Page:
If you have read my blog, in the past, you know I have a sourdough starter which requires that you use it or lose it. The instructions say that you must use and feed it once a week. I'll admit that I have gone two weeks and perhaps a bit longer before figuring out how to incorporate it into our eating regime. This week I decided to try my hand at english muffins. I have a good friend - I'll call her "Stacy"- who found out what I was making and chided me by saying that I could easily purchase a half dozen muffins for $2.00. While this is true that comment came from a girl that once told me that boxed mashed potatoes were superior to homemade! Her secret - add garlic, so I'll let you be the judge.
I understand that english muffins are inexpensive, but I was curious about how they were made. English Muffins are cooked on a griddle - just like pancakes! These were really fun to make and they freeze really well too. Thank you King Arthur Flour for the following recipe.
Sourdough English Muffins
2 tablespoons granulated sugar
2 cups warm water, 105 degrees to 110 degrees F
1 tablespoon active dry yeast
1 cup sourdough starter
7 to 8 cups King Arthur Unbleached All-Purpose flour
1/2 cup non-fat dry milk
1/4 cup butter, at room temperature
1 tablespoon salt
1/2 teaspoon sour salt (citric acid), optional
Approximately 2 tablespoons cornmeal or semolina
- In a large mixing bowl, dissolve the sugar in the warm water. Stir in and dissolve the yeast, and then mix in the sourdough starter and 1 cup of flour. Let this sit for a few minutes, until the mixture begins to bubble.
- Add the dry milk, butter, salt, sour salt (if you're using it; it's a nice flavor-booster) and a second cup of flour, and beat well. Add 5 to 6 cups of flour, one cup at a time, to form a dough that holds together and pulls away from the sides of the bowl.
- Turn the dough out onto a lightly floured surface and knead it until it's smooth and springy, but slightly on the slack side about 8 minutes. Add flour only as necessary to prevent sticking. Clean out and grease your bowl and place the dough in the greased bowl, turning it so that a thin film of oil coats all sides. Cover the dough with a damp towel, let it stand until it has doubled in size, 1 to 1-1/2 hour.
- When the dough has risen, punch it down, turn it out onto a lightly floured work surface, cover it and let it sit for a few minutes (to relax the gluten). Divide the dough into two pieces and roll each piece out separately to a 1/2-inch thickness. Cut the dough into 3-inch rounds.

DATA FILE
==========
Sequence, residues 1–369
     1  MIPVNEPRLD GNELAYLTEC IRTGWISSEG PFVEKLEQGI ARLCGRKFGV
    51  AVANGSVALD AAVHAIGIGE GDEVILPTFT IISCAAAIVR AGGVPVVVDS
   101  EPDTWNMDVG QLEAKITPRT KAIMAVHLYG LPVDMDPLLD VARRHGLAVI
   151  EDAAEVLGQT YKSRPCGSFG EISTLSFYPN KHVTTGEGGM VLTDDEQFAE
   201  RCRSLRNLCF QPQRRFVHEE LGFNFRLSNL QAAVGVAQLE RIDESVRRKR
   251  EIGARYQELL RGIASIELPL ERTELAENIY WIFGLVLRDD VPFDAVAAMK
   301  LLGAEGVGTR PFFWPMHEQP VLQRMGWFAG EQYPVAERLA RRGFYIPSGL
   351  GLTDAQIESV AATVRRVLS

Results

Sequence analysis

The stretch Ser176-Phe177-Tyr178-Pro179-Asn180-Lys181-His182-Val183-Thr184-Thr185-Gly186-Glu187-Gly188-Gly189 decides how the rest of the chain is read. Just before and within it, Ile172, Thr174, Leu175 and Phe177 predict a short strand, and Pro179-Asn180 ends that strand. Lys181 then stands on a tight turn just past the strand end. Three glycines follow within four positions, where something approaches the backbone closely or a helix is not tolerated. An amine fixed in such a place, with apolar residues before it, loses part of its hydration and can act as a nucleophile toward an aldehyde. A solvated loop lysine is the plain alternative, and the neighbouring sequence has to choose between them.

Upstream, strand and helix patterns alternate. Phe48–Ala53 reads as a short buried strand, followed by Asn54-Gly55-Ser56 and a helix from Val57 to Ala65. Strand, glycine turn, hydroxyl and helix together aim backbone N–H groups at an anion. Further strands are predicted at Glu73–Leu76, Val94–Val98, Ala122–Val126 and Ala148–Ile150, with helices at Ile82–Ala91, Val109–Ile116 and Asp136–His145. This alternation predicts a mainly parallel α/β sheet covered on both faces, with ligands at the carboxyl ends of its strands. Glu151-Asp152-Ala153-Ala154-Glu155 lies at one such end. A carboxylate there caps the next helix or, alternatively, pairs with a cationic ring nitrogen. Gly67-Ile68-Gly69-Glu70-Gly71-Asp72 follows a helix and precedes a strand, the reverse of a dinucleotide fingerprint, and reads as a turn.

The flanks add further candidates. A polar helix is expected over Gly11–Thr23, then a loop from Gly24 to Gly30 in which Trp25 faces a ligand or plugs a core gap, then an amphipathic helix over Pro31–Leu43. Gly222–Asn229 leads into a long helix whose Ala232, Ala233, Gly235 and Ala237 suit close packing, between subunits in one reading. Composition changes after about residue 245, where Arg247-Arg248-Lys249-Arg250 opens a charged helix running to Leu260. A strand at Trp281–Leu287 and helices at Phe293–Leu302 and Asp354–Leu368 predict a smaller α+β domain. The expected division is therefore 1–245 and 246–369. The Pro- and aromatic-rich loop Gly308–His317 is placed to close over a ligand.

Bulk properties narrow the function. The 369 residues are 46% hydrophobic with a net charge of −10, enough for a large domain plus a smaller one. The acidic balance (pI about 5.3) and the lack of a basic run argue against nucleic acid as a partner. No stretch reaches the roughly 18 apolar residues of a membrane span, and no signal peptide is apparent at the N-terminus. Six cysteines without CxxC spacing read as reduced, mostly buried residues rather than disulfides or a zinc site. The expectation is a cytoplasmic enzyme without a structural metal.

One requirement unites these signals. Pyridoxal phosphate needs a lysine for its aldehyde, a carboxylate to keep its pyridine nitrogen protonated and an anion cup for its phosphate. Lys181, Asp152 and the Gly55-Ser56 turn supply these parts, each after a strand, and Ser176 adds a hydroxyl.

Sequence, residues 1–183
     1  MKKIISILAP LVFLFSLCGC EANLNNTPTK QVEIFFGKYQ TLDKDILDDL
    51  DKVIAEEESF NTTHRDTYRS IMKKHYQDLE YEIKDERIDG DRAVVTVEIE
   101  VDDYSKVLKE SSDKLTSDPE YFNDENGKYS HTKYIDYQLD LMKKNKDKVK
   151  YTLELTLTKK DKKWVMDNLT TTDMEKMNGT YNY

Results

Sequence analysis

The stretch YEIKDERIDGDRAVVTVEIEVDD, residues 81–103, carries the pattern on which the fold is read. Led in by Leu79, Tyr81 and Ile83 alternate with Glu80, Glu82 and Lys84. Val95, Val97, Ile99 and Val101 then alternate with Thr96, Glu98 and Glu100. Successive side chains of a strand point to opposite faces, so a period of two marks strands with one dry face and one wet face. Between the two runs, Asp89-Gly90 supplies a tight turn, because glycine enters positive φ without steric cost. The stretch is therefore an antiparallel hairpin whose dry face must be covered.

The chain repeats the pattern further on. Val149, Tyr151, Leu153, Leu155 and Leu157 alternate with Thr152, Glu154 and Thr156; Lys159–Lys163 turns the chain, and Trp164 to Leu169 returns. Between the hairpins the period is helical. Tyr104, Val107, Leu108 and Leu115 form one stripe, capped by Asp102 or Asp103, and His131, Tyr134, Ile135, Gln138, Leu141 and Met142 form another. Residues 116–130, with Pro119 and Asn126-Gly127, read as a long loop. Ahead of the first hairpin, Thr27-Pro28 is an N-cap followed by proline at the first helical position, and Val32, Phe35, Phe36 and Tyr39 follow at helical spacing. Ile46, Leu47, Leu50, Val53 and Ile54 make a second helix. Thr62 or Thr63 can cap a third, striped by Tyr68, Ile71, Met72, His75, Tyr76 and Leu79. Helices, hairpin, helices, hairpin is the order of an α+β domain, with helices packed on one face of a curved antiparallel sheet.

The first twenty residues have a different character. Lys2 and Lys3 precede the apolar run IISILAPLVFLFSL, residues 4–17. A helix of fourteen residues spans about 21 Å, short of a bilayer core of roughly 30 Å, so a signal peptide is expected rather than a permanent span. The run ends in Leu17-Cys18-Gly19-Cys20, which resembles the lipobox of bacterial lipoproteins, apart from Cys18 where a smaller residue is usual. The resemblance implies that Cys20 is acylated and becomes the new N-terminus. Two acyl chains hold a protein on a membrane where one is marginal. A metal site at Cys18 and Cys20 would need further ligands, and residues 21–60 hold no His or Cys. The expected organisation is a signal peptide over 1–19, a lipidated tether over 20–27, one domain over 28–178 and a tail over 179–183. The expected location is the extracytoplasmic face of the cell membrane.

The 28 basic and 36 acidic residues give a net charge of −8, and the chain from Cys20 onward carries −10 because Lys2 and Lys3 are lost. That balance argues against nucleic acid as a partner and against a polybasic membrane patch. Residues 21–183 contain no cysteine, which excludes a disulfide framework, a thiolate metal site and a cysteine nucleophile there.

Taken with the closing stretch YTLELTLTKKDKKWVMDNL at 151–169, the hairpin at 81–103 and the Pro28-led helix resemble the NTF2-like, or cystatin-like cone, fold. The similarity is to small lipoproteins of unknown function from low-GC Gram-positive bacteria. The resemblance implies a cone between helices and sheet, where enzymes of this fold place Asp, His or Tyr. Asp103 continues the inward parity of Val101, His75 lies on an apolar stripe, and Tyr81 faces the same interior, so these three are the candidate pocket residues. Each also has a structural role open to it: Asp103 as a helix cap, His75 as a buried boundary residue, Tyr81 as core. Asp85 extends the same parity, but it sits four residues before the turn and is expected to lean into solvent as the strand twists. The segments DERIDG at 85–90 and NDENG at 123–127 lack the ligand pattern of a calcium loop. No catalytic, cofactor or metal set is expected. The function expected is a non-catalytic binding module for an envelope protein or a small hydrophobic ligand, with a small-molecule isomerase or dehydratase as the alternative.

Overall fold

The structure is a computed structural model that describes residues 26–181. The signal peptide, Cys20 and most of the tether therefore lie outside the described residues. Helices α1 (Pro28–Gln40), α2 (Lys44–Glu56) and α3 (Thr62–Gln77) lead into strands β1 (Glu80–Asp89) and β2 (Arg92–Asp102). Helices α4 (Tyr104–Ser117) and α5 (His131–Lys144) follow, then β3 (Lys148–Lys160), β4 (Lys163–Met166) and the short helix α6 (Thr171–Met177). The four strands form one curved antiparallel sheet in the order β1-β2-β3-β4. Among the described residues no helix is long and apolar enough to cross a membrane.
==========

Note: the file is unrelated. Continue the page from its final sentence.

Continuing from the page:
My cutter is a vintage tuna can with the top and bottom cut out. This can is about 20 years old. Cans that are made today are seamless on the bottom, so you can't cut the bottom out.
- Re-roll and cut any remaining scraps. Place the rounds, evenly spaced, onto cornmeal or semolina sprinkled baking sheets (12 to 13 rounds per sheet), sprinkle them with additional cornmeal or semolina, cover with a damp towel, and let them rise until light and puffy, about 1 hour.
This picture shows the muffins at the beginning of the rising process.
- Carefully transfer the rounds (as many at a time that will fit without crowding) right-side up to a large electric griddle preheated to 350 degree F. Cook them 2 minutes on each side, then 6 additional minutes on each side. Be gentle during these first few flips so the muffins don't deflate! Cook six minutes more on each side, then up to an additional 4 minutes on each side, or until an instant-read thermometer inserted in the center of a muffin registers 190 degrees F. Remove them from the griddle and cool on a wire rack.
Look how tall they get!
I replaced three cups of the white flour with whole wheat with no noticeable problems.
As for my friend "Stacy" I gave her a couple of muffins to compare to the Aunt Millie's brand she buys at Marsh Grocery. No word yet on what she thinks, but I hope she liked them. Life is good-enjoy!